‘Green economy’ has become the new global buzzword. To environmentalists the green economy is about greening and making more sustainable our production and supply chains, as well as our consumption patterns. To many politicians, however, green economy is synonymous with the competition for green jobs – the desire to keep whatever new jobs it generates within territorial boundaries and, once they come about, to protect these jobs as much as possible.
Given these radically different goals, confusion can emerge over industrial policy and environmental policy associated with green jobs. Nowhere is this confusion more visible than in the area of renewable energy.
Production is global
Much of the competition over green jobs ignores the fact that production chains have gone global. We no longer live in a world in which Product A is entirely manufactured in Country A and then sold to Country B. Most Product As are produced in multiple locations around the globe and, if these products are ‘green’, then the ‘green jobs’ associated with production are equally spread out.
Take American silicon modules for solar panels, labelled as ‘Made in the US’. Much of the material used in their production are sourced from China, Europe or Japan. The same is true of Chinese photovoltaic cells labelled as ‘Made in China’. Much of the equipment used in their manufacture is imported from Germany, Switzerland or the US.
Politicians who hope to boost jobs by forcing local producers to buy local equipment and components, or by penalising the entry of competing green goods into their territory, are trying to roll back the clock on the increased levels of efficiency and specialisation already attained on a global scale.
In a world of global supply chains, an average country imports roughly 40 per cent of its own exports. Shooting down imports, therefore, amounts to shooting one’s own foot. The desire to monopolise green jobs runs counter to the rising tide of global value chains.
Politicians also wrongly focus only on manufacture, neglecting the many jobs associated with the green services that are an equally vital part of the green economy, including installation and maintenance.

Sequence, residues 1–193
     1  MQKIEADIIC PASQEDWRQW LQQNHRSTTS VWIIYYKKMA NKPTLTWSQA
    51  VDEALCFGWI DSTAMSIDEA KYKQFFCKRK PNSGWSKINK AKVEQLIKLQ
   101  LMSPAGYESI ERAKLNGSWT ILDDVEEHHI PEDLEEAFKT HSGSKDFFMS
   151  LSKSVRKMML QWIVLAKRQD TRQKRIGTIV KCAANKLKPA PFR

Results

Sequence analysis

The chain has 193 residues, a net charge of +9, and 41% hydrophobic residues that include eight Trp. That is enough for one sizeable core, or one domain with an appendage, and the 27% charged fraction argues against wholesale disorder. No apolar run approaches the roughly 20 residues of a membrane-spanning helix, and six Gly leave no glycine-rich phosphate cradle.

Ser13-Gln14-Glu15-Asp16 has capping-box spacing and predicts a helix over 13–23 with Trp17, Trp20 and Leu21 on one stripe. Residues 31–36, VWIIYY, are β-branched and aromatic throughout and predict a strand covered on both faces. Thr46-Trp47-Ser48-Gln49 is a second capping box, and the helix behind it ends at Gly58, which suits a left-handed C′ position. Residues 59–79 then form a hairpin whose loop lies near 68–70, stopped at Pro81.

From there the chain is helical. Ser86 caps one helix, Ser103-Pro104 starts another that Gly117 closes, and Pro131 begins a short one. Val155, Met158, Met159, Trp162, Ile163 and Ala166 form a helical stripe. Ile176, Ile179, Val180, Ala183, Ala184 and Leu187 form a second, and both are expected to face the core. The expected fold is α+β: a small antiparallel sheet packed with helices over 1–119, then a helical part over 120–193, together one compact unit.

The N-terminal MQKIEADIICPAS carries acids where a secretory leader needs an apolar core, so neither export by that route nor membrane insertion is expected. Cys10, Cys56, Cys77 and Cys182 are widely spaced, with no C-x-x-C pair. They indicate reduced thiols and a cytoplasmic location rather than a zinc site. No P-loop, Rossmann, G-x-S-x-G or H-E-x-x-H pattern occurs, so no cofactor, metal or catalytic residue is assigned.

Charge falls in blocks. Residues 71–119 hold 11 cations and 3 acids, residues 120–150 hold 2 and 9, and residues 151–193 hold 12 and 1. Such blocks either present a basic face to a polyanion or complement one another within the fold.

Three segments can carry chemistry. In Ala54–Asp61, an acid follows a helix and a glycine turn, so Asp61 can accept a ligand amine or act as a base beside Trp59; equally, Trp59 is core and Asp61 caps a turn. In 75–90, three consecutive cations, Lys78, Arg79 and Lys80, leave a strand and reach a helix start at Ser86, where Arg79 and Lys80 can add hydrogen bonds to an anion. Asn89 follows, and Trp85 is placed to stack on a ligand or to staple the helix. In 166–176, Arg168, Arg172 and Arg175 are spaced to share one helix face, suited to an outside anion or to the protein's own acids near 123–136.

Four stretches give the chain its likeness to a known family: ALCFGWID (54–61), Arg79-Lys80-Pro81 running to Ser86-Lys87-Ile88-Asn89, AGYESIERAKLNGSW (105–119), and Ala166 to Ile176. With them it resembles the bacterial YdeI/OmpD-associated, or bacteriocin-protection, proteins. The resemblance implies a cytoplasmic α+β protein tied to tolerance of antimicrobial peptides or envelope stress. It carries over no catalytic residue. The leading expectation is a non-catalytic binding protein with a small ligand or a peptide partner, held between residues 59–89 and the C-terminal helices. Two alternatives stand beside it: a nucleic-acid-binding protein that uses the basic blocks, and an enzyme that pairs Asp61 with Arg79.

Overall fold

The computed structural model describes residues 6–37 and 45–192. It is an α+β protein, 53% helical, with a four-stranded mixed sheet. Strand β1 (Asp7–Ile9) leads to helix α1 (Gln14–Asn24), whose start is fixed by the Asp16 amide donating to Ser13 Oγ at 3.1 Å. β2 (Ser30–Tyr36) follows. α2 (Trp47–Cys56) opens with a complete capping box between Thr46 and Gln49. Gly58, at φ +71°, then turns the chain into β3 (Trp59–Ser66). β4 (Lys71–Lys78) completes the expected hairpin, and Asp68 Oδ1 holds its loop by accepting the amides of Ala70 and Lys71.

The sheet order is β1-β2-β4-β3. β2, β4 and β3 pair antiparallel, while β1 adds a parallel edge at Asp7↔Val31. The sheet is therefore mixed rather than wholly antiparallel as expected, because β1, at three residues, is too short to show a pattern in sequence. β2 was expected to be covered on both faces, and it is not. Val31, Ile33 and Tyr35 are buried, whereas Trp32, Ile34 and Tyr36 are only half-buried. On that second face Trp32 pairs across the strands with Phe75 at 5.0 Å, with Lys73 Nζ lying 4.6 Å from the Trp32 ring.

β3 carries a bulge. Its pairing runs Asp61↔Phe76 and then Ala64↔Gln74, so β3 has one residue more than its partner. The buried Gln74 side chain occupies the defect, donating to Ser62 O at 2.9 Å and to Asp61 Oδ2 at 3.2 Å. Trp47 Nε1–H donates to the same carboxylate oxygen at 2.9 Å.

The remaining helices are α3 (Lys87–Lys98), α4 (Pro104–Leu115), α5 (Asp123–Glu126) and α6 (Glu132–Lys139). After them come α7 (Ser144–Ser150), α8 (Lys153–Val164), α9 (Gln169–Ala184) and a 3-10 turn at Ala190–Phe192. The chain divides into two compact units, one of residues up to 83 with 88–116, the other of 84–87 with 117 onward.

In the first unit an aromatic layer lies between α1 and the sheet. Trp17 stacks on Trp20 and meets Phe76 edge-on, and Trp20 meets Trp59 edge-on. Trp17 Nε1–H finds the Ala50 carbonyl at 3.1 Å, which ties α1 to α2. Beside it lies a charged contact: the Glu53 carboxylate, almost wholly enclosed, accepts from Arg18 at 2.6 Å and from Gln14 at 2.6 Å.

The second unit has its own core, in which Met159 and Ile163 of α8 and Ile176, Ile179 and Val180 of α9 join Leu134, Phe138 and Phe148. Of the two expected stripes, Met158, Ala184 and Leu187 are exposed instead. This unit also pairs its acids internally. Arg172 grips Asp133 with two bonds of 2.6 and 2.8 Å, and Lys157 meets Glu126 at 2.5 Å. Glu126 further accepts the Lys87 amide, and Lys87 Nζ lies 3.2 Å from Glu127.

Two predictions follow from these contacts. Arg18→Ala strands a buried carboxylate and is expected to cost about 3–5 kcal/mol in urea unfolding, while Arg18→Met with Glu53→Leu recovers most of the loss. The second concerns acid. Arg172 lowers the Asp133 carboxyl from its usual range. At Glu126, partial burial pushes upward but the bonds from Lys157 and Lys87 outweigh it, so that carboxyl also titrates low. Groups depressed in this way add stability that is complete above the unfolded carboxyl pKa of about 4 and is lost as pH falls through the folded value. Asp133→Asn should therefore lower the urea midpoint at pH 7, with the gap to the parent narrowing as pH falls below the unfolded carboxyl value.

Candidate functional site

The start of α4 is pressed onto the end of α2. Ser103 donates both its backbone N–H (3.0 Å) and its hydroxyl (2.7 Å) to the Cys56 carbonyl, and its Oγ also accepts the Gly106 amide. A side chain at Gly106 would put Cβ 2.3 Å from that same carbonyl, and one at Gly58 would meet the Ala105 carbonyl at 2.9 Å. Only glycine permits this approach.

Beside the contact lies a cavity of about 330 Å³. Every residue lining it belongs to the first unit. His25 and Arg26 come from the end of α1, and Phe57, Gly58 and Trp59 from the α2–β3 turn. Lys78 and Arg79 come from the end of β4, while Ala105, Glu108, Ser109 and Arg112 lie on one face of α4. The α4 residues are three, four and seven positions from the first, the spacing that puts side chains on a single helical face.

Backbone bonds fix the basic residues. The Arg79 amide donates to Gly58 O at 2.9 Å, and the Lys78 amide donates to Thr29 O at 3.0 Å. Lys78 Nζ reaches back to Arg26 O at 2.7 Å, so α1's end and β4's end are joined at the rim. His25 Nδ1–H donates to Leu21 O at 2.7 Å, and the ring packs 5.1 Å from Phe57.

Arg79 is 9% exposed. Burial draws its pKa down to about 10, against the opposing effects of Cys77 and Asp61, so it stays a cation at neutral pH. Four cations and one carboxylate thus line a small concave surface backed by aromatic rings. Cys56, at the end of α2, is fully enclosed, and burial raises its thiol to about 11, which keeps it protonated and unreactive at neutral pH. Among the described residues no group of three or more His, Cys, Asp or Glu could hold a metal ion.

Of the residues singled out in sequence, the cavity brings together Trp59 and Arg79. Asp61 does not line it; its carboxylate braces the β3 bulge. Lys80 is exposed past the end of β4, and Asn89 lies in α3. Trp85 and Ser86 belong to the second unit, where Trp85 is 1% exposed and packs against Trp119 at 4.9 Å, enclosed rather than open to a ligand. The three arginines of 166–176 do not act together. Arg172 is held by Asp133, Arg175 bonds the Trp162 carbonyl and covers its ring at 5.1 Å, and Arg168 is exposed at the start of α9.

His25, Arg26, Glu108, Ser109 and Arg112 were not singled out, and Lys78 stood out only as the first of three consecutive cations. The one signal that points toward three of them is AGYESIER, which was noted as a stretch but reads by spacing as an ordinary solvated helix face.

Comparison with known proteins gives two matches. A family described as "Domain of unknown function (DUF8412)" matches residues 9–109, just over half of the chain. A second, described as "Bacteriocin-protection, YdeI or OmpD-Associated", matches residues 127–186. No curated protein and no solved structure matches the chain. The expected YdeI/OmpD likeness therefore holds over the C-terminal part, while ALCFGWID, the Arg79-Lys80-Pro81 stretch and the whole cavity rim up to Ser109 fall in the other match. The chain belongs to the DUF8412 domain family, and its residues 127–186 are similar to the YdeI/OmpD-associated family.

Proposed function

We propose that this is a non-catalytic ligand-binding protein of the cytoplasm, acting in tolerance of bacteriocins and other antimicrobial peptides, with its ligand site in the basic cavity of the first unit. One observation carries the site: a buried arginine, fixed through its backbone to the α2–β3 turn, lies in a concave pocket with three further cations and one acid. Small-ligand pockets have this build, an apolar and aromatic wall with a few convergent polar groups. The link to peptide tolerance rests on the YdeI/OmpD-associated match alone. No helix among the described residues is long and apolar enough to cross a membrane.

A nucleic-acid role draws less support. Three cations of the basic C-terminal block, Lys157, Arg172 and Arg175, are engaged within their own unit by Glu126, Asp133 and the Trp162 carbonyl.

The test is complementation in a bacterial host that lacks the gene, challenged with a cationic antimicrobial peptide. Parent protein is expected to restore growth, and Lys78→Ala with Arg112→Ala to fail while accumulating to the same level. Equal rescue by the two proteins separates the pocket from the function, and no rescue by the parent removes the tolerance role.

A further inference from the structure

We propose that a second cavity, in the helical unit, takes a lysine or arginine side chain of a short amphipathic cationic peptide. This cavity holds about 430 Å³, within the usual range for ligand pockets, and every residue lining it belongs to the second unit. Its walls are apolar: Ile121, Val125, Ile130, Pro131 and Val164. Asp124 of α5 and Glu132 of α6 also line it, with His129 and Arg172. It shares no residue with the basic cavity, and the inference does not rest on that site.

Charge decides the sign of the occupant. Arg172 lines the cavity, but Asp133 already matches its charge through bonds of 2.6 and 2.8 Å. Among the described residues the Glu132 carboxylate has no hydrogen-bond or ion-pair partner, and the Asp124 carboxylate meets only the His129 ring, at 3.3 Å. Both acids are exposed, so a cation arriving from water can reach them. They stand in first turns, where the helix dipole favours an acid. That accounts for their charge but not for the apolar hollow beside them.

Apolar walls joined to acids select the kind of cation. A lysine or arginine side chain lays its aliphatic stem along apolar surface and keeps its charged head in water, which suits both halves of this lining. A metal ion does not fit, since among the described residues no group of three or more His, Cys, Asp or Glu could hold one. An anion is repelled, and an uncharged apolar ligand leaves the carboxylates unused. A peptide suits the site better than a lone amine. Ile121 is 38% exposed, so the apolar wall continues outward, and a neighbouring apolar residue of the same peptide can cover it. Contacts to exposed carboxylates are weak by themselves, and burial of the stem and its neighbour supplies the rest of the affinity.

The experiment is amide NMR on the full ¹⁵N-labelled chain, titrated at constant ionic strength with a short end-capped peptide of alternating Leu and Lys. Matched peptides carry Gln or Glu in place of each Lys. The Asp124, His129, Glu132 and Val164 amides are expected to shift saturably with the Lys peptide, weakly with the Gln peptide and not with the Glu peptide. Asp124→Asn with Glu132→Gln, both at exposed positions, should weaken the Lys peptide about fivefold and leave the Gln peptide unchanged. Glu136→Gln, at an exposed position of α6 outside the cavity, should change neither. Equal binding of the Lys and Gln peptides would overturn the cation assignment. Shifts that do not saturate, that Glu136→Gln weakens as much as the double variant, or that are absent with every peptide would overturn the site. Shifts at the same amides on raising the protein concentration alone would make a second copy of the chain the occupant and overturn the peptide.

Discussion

The World Resources Institute has run a wide array of calculations on the jobs generated in the renewable energy economy and their distribution.
In the US, 25 per cent of the 1,00,000 full-time workers estimated to be employed in the solar power industry are in manufacture. The rest are involved in R&D, solar panel installation, project development, finance, sales and distribution.
In the American wind sector, 33,000 jobs lie in manufacture but 39,000 others are in installation, operation and maintenance. The same proportions hold in many other countries.
Here lies a vital message for policy-makers: The best way to create green jobs is to set environmental targets and then let markets do their job. In the renewable energy sector, more jobs are created in the actual deployment of clean energy – jobs which by definition can only be local – than are created in manufacture.
While a better understanding of the functioning of global value chains certainly helps demystify the quest for green jobs, it helps with another issue as well.
Made in the world
China-bashing has now become a popular sport, both in the West and in other Asian countries. It is not uncommon to hear in the press that China has conquered global solar power production at the expense of countries such as Germany and the US – in short, that it’s stolen green energy jobs from those countries.
The reality, however, is that China is a mere assembly point for various imported components.
As the World Resources Institute puts it, few jobs in China have been created in the production of polycrystalline silicon materials because most of the raw materials are imported, and more than 90 per cent of photovoltaic products are exported to foreign markets. China has not, by any stretch of the imagination, monopolised green solar-energy jobs.
These findings also apply to the solar energy trade balance between China and the rest of the world, once we realise that what is ‘Made in China’ is actually ‘Made in the World’.
The message is simple: In today’s highly interconnected world, protectionism simply does not protect. If today’s price of a solar panel has fallen to a fraction of what it used to be – and it halved in 2011 – the response should not be to search for ways to keep foreign solar panels out of domestic markets and thereby raise prices once again. Rather we should be trying to boost demand for solar power so that it matches panel supply.
The best way to do that is through stable, well-designed renewable energy deployment policies. Environmental targets, not job targets or trade protectionism, should be the way forward.